University of Washington Press Blog
2015-01-21

Laura Kina, Vincent de Paul Professor of Art, Media, & Design
DePaul University, Chicago, Illinois

In this guest post, Laura Kina, coeditor of War Baby / Love Child: Mixed Race Asian American Art, discusses the emerging discipline of mixed race studies and what it can contribute to ongoing dialogues surrounding race, police brutality, and social justice in the wake of Ferguson.

Since the deaths this past summer of two unarmed black men, Michael Brown Jr. in Ferguson, Missouri and Eric Garner in Staten Island, New York by white police officers, our nation has been embroiled in discussions of police brutality and racial profiling. The social unrest and racial tensions of our current moment are a stark contrast to the congratulatory “post-racial” moment in 2008 with the election of President Barack Obama–the first black “biracial” president. Recent racial tensions also present stark contrast to the celebration of the multiracial “melting pot” that America celebrated following the 2000 US Census, which allowed individuals to self-identify as more than one race for the first time.

Those earlier, problematic readings of race—as something to either get beyond or as something new and worthy of celebration—coupled with the dearth of history and representations of mixed race Asian American lives inspired my coauthor Wei Ming Dariotis and I to publish War Baby/Love Child: Mixed Race Asian American Art (University of Washington Press, 2013). Along with my DePaul colleague Camilla Fojas, we also set out to challenge these myths and establish a scholarly field of Critical Mixed Race Studies

Read the entire article here.

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Racial Crossings: Race, Intermarriage, and the British Empire [Paterson Review]

Posted in Articles, Book/Video Reviews, History, Media Archive, Oceania on 2015-01-21 20:07Z by Steven

Racial Crossings: Race, Intermarriage, and the British Empire [Paterson Review]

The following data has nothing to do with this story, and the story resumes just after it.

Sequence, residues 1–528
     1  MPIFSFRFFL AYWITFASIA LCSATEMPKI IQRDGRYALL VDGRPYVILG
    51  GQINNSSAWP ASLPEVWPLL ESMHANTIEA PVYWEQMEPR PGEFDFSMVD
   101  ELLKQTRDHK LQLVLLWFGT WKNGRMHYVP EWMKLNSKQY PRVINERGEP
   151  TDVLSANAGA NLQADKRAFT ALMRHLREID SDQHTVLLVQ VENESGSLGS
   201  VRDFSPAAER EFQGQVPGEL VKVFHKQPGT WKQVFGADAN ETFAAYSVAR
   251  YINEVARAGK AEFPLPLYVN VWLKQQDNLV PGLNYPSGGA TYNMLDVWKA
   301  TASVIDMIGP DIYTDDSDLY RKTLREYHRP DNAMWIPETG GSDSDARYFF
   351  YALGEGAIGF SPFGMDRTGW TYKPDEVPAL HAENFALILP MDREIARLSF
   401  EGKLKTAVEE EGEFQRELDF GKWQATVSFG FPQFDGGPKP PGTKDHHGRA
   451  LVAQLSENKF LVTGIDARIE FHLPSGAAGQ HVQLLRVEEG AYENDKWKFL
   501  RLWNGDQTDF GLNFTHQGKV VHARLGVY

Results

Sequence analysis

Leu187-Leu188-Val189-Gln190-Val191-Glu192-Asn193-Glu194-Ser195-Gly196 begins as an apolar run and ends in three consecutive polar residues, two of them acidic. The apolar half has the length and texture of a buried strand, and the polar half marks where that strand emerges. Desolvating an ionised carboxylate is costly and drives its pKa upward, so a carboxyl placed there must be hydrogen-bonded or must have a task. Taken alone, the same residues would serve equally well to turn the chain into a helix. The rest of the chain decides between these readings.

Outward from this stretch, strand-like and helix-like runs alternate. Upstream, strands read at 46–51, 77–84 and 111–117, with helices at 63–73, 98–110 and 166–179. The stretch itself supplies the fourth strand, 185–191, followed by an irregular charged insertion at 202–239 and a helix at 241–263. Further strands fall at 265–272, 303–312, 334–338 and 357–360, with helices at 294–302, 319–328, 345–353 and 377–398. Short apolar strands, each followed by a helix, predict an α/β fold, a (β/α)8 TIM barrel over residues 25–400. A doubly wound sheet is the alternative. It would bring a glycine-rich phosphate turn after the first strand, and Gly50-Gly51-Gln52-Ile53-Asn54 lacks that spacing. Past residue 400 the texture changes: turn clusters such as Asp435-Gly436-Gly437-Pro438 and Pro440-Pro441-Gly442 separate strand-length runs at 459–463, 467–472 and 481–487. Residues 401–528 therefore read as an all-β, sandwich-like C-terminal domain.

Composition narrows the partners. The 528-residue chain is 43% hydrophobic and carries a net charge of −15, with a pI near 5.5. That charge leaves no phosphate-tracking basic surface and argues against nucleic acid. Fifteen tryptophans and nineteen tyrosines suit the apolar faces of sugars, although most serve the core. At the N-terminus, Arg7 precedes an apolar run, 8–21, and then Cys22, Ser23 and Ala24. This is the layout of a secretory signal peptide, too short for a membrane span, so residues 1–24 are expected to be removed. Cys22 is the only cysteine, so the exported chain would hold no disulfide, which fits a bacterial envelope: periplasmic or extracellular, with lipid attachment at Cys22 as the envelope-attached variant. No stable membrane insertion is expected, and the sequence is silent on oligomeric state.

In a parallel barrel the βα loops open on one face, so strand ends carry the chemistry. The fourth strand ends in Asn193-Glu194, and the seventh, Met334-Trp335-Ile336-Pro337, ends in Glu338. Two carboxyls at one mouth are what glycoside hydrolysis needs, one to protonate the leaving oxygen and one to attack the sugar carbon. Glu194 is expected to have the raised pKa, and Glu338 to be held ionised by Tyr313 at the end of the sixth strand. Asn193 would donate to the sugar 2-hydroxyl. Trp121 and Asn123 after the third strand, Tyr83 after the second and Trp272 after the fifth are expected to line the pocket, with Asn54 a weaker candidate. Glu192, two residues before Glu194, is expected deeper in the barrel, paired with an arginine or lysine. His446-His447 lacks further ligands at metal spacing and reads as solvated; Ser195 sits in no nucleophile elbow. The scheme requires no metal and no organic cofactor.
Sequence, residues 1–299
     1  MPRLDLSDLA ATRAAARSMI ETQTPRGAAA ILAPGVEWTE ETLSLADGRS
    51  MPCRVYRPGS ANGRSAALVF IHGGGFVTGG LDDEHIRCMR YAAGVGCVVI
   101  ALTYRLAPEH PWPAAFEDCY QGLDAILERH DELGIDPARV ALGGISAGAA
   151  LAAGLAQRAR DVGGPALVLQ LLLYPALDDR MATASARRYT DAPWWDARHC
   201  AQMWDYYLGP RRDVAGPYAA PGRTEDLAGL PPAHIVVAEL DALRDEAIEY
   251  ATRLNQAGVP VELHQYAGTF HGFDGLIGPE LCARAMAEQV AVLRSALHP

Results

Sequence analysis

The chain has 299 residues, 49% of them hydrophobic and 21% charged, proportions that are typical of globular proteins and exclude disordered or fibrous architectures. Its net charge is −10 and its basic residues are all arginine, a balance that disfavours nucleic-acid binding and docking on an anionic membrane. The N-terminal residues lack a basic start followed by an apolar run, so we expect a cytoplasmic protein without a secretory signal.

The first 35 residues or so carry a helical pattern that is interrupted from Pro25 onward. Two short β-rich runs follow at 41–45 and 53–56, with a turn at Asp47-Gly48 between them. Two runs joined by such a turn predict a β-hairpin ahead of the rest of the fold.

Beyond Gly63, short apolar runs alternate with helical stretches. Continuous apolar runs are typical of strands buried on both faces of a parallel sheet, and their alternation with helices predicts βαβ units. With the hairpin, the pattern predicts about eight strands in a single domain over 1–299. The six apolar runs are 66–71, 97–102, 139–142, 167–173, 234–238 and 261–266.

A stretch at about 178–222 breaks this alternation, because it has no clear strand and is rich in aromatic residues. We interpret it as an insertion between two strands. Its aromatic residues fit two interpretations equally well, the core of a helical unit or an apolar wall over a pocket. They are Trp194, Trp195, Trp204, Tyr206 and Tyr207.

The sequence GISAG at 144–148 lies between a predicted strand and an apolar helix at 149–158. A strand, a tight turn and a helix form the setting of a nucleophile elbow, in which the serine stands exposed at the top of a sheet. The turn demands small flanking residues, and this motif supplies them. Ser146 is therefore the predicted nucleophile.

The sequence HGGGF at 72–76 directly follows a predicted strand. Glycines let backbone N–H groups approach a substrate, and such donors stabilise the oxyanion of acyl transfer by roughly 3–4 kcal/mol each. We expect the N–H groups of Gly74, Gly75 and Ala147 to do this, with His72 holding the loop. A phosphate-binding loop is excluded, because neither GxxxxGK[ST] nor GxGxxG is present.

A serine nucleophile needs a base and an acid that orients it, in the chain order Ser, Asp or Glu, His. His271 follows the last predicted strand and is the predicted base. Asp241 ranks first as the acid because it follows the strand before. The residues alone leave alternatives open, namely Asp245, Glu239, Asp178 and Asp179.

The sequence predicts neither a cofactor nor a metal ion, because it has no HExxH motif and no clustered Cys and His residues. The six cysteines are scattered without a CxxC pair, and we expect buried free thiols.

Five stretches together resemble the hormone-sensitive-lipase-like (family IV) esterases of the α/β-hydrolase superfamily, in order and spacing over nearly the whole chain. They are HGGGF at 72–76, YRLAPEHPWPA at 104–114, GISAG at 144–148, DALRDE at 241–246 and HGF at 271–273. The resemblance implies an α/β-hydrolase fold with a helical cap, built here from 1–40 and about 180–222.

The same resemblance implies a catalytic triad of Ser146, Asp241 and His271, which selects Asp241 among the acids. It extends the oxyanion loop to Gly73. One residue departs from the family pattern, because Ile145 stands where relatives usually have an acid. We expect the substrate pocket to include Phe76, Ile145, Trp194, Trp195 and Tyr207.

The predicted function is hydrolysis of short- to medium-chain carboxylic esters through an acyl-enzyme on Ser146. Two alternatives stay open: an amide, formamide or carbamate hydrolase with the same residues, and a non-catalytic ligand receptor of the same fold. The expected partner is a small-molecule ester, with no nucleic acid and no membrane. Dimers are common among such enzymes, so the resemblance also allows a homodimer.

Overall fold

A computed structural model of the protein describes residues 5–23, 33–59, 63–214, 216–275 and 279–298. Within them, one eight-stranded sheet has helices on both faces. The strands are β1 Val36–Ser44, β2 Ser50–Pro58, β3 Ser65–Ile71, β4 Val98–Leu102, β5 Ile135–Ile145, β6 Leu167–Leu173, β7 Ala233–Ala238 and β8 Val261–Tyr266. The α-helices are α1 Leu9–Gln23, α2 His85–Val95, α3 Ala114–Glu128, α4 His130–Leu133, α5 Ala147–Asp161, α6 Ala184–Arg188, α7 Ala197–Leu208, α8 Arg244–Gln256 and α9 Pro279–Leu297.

The British Scholar Society
Book of The Month
November 2014

Lachy Paterson
University of Otago, Dunedin, New Zealand

Salesa, Damon Ieremia, Racial Crossings: Race, Intermarriage, and the Victorian British Empire (Oxford, New York: Oxford University Press, 2011). 308 pp. $US 45 (paperback).

Race has always been an important preoccupation in New Zealand society. In the country’s popular imagination, its past is predicated on national myths that it had the best race relations in the world, and that its Māori citizens were the best treated of all indigenous peoples. Intermarriage between Māori and the Pākehā settlers, a practice encouraged even prior to formal colonisation, was often given as evidence for such claims. Damon Salesa’s Racial Crossings is an exciting investigation of the theories, discourses and policies that underpinned intermarriage, and the broader colonial project of racial amalgamation.

The volume’s subtitle, Race, Intermarriage, and the Victorian British Empire, is a little misleading. The book is not a social history of intermarriage: indeed the story concerns itself more with the discourses of racial crossing, than the lives of the actual people doing the crossing. Its focus is on roughly four decades of New Zealand history, one preceding the Treaty of Waitangi (1840) and the three following. A reader will find little detail on the policies and practice of intermarriage of colonial India, Canada, Australia or South Africa, or even of New Zealand in the last three decades of Victoria’s reign. As Salesa notes, power was generally devolved to colonial governors, whose actions and policies were shaped by local conditions. Although conditions may have been localised, ideas flowed more freely around the Empire. New Zealand’s pertinence to “imperial” studies is that it was colonised when humanitarianism was flourishing. After earlier examples of destructive colonisation, Britain sought to protect New Zealand’s promising “aborigines” through civilisation and amalgamation. Although missionaries, officials both in Britain and New Zealand, intellectuals and settler politicians may have had differing (and sometimes competing) agenda, a general consensus prevailed that intermarriage would benefit both Māori and colonisation…

Read the entire review.